What’s Behind the Creaky Door?
be able to read and spell words, students must be able to understand
that letters stand for phonemes, which are the sounds that the letters
make. Children must be able to recognize phonemes in spoken words. This
lesson will help children identify /e/ (short e). The students will be
taught a meaningful representation and the letter symbol. They will
also practice finding /e/ in words.
Primary Paper and pencil
illustration with creaky door
Copies of Pen Pals (Educational Insights) for each student
drawing paper and crayons
picture page with web, deck, sled, elephant, elevator, and tent
chart with “Everybody saw Eddie and the Eskimo enter the elevator on
1. Introduce the lesson by explaining that letters stand for the
moves that we make as we say words. Today we will learn about the mouth
move /e/. At first, it may seem kind of tricky, but soon you’ll be able
to spot /e/ all kinds of words.
Ask students: Have you every heard a creaky door say /e/? That’s the
mouth move that we are looking for in words. Why don’t we pretend we’ve
just spotted a very old door and we want to know what’s behind it, so
we’re going to slowly open it and say /e/? [turn an imaginary knob and
slowly open the door]. We’re opening the door to find out what is
behind it. Open your door: /e/.
Now we’re going to try a tongue twister [on chart]. “Everybody saw
Eddie and the Eskimo enter the elevator on the elephant.” Everybody say
it three times together. Now say it again. Only this time, we’re going
to stretch out the /e/ at the beginning of the words. Open your creaky
doors as we say it. “EEEverybody saw EEEddie and the eeeskimo eeenter
the eeelevator on the eeelephant.” Try it again. This time break it off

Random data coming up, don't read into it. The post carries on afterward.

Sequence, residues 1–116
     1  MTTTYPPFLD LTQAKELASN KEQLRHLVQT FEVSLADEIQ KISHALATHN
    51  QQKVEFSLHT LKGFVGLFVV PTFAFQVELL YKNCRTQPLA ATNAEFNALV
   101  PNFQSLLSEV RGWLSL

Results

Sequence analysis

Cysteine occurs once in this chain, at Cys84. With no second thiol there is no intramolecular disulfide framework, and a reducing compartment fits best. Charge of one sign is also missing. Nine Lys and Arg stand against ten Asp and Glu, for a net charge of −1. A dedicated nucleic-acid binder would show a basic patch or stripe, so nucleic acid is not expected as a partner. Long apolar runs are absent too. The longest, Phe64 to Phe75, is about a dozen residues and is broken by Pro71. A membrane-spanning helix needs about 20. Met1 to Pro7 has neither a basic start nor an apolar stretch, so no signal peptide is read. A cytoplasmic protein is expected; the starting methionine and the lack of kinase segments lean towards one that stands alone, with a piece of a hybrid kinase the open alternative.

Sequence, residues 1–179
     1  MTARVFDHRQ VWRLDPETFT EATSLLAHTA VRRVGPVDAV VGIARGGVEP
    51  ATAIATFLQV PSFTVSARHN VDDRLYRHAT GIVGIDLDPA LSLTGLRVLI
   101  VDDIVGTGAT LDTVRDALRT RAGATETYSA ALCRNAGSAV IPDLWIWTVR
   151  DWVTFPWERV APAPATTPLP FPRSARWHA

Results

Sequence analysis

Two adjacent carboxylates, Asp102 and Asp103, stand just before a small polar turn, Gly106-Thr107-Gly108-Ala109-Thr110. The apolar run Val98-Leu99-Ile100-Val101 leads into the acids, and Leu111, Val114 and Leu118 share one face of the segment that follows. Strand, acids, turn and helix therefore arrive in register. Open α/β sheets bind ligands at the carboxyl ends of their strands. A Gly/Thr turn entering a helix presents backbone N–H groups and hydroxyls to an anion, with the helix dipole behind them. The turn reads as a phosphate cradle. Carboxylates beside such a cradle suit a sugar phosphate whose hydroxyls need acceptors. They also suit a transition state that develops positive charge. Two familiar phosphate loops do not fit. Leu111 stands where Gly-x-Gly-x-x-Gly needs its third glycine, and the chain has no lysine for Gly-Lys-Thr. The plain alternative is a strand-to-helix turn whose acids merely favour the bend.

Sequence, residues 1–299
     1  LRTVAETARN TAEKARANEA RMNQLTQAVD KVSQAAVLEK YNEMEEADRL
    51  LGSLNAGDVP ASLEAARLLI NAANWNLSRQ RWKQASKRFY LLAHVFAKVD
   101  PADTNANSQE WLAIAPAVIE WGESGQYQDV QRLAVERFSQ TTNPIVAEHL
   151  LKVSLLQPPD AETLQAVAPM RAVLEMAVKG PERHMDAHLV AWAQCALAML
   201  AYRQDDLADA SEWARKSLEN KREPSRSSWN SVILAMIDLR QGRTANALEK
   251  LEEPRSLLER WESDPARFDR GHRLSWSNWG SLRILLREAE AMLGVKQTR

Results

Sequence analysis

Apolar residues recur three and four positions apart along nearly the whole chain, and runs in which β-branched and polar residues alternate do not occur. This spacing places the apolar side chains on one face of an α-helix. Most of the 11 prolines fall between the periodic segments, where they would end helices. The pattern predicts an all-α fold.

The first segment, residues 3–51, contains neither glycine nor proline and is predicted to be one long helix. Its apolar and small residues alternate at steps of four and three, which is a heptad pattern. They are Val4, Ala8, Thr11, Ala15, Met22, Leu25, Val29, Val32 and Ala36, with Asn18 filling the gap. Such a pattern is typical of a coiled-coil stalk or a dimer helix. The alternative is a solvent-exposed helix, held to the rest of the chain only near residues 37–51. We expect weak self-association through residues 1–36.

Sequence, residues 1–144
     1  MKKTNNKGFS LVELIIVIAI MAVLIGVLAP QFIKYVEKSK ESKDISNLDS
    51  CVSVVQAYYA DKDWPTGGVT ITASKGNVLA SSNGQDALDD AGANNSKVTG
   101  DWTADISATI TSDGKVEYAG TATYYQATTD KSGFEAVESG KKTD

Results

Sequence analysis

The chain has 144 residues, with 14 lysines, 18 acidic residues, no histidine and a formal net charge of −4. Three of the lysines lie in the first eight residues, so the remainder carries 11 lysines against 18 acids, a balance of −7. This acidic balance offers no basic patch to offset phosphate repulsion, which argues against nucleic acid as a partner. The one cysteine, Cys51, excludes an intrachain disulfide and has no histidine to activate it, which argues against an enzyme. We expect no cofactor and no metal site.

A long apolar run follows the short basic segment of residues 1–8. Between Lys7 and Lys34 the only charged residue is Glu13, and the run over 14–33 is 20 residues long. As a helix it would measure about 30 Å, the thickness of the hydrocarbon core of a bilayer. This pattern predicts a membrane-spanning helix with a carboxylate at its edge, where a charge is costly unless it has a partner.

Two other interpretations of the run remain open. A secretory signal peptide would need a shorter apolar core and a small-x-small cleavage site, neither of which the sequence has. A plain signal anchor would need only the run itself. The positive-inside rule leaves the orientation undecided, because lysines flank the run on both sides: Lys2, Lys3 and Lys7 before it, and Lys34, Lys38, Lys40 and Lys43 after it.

the word: /e/ verybody saw /e/ ddie and the /e/ skimo /e/ nter the /e/
levator on the /e/ lephant.”
[Using primary paper and pencils students will write the letter e]. We
can use the letter e to spell /e/. Let’s write it. Start right here
between the fence and the ground (show the students exactly where), now
go right up to the fence but not over it, without lifting your pencil
curve it back to the ground and let the bottom rest on the ground. I
will check everybody’s e and when you get a stamp on your paper, I want
you to make nine more just like it. Remember when ever we see e in a
word we say /e/.
I’m going to show you how to find /e/ in the word press. I’m going to
stretch the word spend very slowly. Listen very closely for the creaky
door. P-p-p-r-e-s. P-p-p-r-e-e-e…There it is! We do hear the creaky
door /e/ in press.
Call on students to share how they knew: Do you hear /e/ in left or
right? Fred or Moe? Spend or save? Dress or shirt? Came or went? Now,
let’s see if you can spot the mouth move /e/ in some more words. Open
your creaky door if you hear /e/. Everybody, saw, Eddie, and, the,
Eskimo, enter, the, elevator, on, the, elephant.
Read Pen Pals and talk about the story. Read it again and have
students turn their “door knobs” (not completely open the door but just
make the gesture) when they hear the words with /e/. List
their words on the board. Have each student draw a picture of an old
creaky door a write a message about it, using invented spelling.
Display their work.
For assessment, the picture page will be distributed and students will
be assisted with naming the pictures. The students will be asked to
circle the pictures that whose names have /e/.
Adams, Marilyn Jager. Beginning to Read: Thinking and Learning About
McLure, Stephanie. Beginning Reading: Cre-e-eaky Door E:
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